Author: Karsemeyer, John


It was the trees that changed, the too many to count trees, unless you had a great deal of extra time on your hands. This tall mass of living trees on the eighty acre parcel of land became not what they once were. The change was, indirectly, caused by the humans who came every year and stayed for a week or so.

These humans brought with them the now distant relatives of trees; relatives that were now still wood, and yet different. All kinds of wood that was once alive, just like the trees now standing and stretching to meet the radiant blue sky that had no visible hint of pollution. The humans brought what were once trees, but were now guitars, mandolins, fiddles, banjos, resophonic guitars, and string basses.

The trees looked down at what seemed to be small odd shaped brothers and sisters, cousins, aunts and uncles, and other relatives that came from their genus and species. The curious shapes of these musical instruments are what fascinated these still alive, towering trees. And the reaction of all of this by the living trees was something to behold, if only the humans had bothered to look closely.

The green of the trees became greener. The shades of the brown, red, and tan colored bark became much deeper and more colorful. In fact the trees almost seemed to glow, especially when the sun retired for the day and took its ten hour rest. The glow, in fact, did happen. It’s just that it was not observable to the humans because of the glare of the lanterns and electric lights that punctuated the dark of the night.

These musical instruments that were made mostly of wood which was no longer alive also changed. However, it could be argued that this wood of the musical instruments was not really dead, but still had a life of its own. That is to say, when these instruments were played they became alive through their own individual creation of sounds that gave way to song, melody, and harmony that came from the humans. Yes the humans, who forged a symbiotic relationship with their musical instruments.

And there was a kinship between the trees and these instruments of wood. A homecomings of sorts, much like a Thanksgiving gathering among the humans.

And to some of the humans these instruments sounded better when they were played beneath and in the presence of the living trees during this particular time on earth. They were louder, had a more pleasing timber to their “voices,” and even played more easily. The humans noticed this, but attributed it to the thought that their instruments were finally “opening-up,” and that the overall atmosphere of the bluegrass festival contributed to the fact that the instruments were playing easier and sounding better than ever before. But this was not true, or at least not the biggest reason.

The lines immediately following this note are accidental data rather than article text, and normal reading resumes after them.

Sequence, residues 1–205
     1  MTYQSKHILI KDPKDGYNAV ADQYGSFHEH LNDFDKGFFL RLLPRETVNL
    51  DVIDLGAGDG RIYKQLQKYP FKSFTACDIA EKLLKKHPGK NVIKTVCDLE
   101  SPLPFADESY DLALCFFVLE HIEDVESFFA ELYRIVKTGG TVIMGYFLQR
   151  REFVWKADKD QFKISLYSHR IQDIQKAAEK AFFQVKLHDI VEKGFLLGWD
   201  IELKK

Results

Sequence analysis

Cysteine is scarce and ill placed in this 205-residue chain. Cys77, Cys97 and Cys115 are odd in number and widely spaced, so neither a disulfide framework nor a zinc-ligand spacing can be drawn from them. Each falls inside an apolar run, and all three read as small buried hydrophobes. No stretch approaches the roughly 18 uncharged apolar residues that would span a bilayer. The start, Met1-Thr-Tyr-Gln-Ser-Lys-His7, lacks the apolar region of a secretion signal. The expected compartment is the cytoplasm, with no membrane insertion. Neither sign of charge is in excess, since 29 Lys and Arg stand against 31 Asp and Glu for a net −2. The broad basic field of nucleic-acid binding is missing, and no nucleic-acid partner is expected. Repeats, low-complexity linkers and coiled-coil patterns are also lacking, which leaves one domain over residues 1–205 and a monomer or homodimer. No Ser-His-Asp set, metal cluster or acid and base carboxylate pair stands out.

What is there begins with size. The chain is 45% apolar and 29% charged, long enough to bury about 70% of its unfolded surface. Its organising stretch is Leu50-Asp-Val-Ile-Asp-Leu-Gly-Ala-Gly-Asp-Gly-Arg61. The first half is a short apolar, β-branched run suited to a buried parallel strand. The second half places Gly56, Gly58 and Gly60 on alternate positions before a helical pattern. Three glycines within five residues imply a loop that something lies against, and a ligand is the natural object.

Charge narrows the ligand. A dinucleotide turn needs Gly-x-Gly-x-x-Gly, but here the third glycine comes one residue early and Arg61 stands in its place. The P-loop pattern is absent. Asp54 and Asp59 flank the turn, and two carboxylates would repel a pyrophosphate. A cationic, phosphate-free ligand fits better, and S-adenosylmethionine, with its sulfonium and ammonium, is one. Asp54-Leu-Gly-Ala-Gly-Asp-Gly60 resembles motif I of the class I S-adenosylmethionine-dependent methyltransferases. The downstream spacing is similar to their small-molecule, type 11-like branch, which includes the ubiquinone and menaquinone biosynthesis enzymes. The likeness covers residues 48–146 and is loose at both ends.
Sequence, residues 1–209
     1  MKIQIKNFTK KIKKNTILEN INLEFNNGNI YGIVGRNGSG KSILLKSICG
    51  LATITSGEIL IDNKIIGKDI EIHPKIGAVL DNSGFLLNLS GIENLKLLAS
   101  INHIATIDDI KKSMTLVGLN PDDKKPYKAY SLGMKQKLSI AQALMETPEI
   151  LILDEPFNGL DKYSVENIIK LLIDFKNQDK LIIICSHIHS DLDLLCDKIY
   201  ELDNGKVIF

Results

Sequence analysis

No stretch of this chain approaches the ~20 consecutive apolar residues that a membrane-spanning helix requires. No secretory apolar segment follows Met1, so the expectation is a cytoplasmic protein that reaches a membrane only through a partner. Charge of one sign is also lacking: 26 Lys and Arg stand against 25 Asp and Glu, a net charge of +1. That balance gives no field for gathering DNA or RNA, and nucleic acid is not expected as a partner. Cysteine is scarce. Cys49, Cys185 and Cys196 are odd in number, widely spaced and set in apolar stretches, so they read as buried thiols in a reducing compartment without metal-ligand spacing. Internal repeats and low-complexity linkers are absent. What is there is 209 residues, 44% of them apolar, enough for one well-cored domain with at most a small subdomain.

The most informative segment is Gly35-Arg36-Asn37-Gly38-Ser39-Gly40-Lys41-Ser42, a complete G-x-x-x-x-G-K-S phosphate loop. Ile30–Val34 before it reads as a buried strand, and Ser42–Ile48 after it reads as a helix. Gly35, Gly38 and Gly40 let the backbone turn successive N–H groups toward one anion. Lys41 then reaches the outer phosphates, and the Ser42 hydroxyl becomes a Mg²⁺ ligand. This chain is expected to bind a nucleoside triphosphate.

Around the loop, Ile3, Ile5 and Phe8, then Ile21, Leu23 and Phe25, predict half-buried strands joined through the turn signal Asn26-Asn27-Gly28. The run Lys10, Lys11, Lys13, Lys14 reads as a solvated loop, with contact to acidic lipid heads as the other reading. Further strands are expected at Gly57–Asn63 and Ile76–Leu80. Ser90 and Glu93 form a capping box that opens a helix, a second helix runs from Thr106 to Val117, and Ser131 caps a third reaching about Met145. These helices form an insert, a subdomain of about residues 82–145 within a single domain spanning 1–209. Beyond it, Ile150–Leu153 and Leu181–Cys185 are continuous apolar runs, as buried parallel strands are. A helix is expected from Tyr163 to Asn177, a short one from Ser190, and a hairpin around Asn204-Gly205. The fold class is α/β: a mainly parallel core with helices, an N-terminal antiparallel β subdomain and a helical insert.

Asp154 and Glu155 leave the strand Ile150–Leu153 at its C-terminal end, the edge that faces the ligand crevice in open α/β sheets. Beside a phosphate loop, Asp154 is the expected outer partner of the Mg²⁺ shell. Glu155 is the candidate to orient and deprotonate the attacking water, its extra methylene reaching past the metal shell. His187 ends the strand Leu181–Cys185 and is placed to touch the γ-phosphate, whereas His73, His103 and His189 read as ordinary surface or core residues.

Oddly this occurrence (which some, but not all, would call “surreal”) happened only at one musical event in the world, and only one time a year. It was peculiar to the California Bluegrass Association’s Fathers Day Festival that is held in the middle of June at Grass Valley, California. It happened at this first festival thirty-seven years ago, and will happen again this year from June 13th – 16th at the 38th CBA Fathers Day Festival.
And at the end of the festival this year the same thing will happen that has happened at the end of all the past Fathers Day Festivals. As the last bluegrass pickers leave with their last wooden musical instruments, the extraordinary brilliance and varied colors of reds, browns and greens of the trees will slowly began to fade back to what they were, and their musical progeny will not sound quite as good as they did during their time at their family reunion at Grass Valley. But then again hope will spring eternal as all will look forward to next year as the gathering again comes to life.

It is a wonder to behold, but you have to look closely and listen well.

Posted:  5/11/2013

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